Cell Biology

Gained in the Translation

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Science  20 Jan 2012:
Vol. 335, Issue 6066, pp. 264
DOI: 10.1126/science.335.6066.264-c

Natural selection favors cells or organisms that are able to adapt quickly and effectively to changes in their environment. Baumgartner et al. report new insights into such regulation in a relatively simple system in which yeast cells growing in medium containing galactose respond to the presence of glucose by decreasing the half-life of mRNA encoding the GAL1 protein, which functions in conversion of galactose to glucose 6-phosphate. By following responses of individual cells in a microfluidic device that was used to change the medium around the cells, they showed that the decreased abundance of GAL1 mRNA was critical for signaling to cells to increase their growth rate in response to abundant glucose. Total amounts of mRNA in the cell did not change. Instead, GAL1 mRNA and the cyclin CLN3, whose translation promotes cell division, competed for access to a localized pool of ribosomes or other components of the translation machinery. Reciprocally, enhanced translation of CLN3 was detrimental to production of GAL1 when cells were grown in galactose. Thus, removal of excess transcripts is an important component that allows yeast cells to optimize growth rates in a glucose-rich environment.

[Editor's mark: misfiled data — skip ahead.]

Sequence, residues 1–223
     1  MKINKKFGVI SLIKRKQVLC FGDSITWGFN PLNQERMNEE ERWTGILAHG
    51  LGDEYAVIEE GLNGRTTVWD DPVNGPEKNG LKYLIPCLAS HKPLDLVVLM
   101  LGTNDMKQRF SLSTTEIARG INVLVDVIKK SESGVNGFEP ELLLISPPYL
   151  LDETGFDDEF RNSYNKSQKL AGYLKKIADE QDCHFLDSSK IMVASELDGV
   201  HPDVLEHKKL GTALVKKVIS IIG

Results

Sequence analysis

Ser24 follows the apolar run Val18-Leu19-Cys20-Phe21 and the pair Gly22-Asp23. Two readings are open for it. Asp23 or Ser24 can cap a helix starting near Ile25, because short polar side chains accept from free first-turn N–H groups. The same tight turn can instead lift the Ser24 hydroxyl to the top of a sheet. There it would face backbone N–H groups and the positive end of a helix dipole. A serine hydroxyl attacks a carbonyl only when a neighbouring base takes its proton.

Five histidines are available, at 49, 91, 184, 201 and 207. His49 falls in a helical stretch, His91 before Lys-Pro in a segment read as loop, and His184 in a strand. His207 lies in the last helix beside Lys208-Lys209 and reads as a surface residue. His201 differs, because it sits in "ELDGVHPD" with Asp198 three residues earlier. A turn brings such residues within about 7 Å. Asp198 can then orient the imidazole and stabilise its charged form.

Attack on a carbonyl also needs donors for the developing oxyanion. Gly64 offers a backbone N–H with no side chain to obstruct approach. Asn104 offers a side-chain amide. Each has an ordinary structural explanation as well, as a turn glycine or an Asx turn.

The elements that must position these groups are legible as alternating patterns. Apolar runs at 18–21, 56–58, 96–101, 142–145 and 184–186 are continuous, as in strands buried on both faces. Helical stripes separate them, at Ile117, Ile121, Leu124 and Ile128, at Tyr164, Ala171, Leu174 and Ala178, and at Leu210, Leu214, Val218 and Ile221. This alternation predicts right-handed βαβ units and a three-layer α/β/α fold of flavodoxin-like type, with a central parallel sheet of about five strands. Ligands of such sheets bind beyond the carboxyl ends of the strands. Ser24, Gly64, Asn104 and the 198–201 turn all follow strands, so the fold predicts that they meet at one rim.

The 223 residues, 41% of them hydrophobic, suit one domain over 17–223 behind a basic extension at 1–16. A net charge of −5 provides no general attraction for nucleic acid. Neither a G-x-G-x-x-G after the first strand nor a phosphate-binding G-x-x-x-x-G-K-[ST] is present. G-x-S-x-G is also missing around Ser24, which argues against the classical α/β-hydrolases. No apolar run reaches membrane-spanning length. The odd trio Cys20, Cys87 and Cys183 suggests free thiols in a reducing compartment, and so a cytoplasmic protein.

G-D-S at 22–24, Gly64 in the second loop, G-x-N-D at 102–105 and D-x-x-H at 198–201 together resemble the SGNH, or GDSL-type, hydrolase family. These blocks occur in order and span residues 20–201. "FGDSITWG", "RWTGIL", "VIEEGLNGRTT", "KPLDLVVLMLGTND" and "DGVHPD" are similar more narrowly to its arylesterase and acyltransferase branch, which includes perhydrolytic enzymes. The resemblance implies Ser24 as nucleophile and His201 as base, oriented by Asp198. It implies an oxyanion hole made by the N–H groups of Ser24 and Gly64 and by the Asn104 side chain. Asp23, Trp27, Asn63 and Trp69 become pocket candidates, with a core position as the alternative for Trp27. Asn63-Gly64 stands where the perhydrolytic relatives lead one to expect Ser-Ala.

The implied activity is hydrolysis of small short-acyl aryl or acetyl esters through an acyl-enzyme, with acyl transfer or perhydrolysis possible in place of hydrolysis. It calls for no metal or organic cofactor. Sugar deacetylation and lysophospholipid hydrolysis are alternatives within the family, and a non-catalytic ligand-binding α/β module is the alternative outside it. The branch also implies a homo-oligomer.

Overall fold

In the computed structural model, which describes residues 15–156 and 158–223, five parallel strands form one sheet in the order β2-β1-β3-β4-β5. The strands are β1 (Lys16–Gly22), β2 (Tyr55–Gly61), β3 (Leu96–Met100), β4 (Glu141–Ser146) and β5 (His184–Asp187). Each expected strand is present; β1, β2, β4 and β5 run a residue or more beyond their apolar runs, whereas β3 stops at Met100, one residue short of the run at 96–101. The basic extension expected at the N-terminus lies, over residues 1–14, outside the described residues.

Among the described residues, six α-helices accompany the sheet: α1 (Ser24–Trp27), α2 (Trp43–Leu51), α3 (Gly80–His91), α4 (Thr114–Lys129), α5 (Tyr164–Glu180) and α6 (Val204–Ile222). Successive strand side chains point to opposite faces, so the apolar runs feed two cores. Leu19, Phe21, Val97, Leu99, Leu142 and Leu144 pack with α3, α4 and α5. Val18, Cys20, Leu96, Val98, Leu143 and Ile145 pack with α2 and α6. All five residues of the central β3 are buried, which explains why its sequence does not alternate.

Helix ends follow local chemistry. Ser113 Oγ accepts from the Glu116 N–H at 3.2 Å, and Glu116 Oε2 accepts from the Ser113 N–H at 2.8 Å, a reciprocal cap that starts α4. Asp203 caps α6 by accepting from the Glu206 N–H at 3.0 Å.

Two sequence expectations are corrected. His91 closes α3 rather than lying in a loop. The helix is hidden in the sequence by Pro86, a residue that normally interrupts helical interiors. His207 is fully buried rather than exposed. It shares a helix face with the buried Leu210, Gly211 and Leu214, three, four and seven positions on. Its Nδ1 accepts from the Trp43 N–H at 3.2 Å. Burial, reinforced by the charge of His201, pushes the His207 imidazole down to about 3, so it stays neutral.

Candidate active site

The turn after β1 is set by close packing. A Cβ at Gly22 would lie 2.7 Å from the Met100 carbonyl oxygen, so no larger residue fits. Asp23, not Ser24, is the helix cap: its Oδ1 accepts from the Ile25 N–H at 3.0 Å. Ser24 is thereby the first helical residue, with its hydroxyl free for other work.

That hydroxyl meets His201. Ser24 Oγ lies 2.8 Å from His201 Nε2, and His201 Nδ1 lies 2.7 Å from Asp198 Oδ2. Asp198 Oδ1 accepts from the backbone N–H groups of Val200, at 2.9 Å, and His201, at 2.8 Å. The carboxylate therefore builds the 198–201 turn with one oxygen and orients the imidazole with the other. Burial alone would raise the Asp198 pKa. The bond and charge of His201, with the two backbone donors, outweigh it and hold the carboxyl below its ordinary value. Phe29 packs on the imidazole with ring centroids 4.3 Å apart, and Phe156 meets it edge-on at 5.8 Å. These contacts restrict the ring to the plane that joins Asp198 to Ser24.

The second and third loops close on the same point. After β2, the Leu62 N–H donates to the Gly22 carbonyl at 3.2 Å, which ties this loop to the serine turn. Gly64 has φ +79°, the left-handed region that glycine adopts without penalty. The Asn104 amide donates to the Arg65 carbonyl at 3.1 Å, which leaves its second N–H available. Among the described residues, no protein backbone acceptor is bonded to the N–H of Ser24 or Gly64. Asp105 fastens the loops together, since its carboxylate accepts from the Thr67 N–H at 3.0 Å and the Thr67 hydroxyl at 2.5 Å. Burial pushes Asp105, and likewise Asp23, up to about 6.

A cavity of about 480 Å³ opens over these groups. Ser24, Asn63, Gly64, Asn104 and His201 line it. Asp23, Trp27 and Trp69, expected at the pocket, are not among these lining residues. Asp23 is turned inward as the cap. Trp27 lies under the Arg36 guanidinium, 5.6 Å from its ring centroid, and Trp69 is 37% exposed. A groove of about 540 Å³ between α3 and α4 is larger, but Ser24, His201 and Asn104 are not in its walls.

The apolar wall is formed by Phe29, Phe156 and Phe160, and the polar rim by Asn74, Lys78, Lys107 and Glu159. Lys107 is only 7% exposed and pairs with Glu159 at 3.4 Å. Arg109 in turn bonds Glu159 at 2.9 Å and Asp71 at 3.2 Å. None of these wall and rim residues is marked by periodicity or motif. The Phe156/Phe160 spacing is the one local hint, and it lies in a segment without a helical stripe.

Proc. Natl. Acad. Sci. U.S.A. 108, 21087 (2011).

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